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When Should Dating Start?

            Parents of every generation are shocked when the subject of dating first comes up. Some kids will start probing a parent’s resistance before they are 12 or 13 while others just drift into their own social habits by the time they get to high school.

            The trouble comes from the details. Curfews, cars, the activity, and the friends involved. Kids think in terms of black and white, “Will doing this or that be dangerous?” If it’s not immediately life threatening, parents should have no objection. And if parents suggest that anything could go wrong, the kids say the parents don’t trust them.

            Parents consider more of the risks and possibilities. What could happen and what is reasonable at this early age? Once again it’s a teenager preoccupied with “Me” taking all restrictions very personally, while the parent is trying to teach the teen about worldly risks.

            Most pre-teens are not ready to even think about these serious questions. So until they are well into high school, the rules should not change. No outings without trusted older adult transportation. No evening “hanging out” – with or without the opposite sex.

            Lucky for us West Virginians we have a helpful 30-page booklet from the West Virginia Department of Education called “Trust Betrayed.” It can help teens come to some healthy attitudes about what is a good relationship and the signals of a bad one. Without the preparation of exploring and knowing your own feelings, dating may be only a fantasy to keep you popular with the crowd. That means it’s too early for dating whatever the age.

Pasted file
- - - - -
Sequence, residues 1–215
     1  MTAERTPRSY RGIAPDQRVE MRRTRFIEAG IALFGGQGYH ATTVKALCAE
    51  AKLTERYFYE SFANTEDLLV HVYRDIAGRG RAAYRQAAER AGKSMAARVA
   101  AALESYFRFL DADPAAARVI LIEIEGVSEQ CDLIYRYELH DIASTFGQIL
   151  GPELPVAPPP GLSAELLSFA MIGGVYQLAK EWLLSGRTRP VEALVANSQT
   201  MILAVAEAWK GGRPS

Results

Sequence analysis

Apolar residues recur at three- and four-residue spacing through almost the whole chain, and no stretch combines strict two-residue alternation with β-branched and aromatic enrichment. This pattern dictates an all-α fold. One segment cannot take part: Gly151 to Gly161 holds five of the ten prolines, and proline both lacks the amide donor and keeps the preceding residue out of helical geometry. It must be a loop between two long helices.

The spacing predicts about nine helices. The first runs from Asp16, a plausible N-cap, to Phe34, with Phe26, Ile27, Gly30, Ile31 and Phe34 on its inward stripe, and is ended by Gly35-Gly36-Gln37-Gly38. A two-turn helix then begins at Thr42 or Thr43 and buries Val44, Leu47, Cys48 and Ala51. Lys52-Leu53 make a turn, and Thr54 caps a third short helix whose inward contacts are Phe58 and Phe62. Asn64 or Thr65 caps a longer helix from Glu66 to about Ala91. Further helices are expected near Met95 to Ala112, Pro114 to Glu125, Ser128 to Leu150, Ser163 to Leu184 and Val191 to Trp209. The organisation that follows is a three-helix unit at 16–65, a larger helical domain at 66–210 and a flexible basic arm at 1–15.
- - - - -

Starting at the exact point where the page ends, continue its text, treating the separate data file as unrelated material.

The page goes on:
When my oldest daughter, Pam, was 17, I asked her how her date had gone. “Not good. He introduced me as PAT! He hadn’t even taken the trouble to get my name straight. We spent the whole evening talking about himself. He never asked me a single question about me.”

            Pam recognized the signs of trouble. And at 17 she knew enough about herself to make good decisions. Teens at younger ages may think that a bad relationship is better than no relationship at all. With this idea in mind a “child” will put up with a lot.

            Questions and stories help keep communication flowing.            Dad:”How was the date?”

           Todd:”OK, but Jennifer and I just don’t get along so well anymore.”

            Dad:”You’re having some rough spots now.”

            Todd:”Yeah, she likes those horror movies.  We always seem to do her thing.”

            Dad:”What did she think of your new shirt?”

            Todd:”OK, I guess. She didn’t say.  Sounds like she doesn’t care, doesn’t it?”

            Dad:”A little.”  Dad’s listening helped and when Todd is ready, he’ll find someone who cares more.

            “Trust Betrayed” poses good questions for a church or school class. It brings out many danger signs that can help a young person recognize trouble and know themselves well enough to exit bad situations.

            One way parents can learn about how prepared their teen is for the dating scene is discussing the questions raised in this book.Ask your school librarian if the booklet is available at school. If not call the West Virginia Coalition Against Domestic Violence at 304-965-3552.

            Dr. McIntire is the author of Teenagers and Parents: 10 Steps to a Better Relationship and Raising Good Kids in Tough Times. For more information see Parentsuccess.com.

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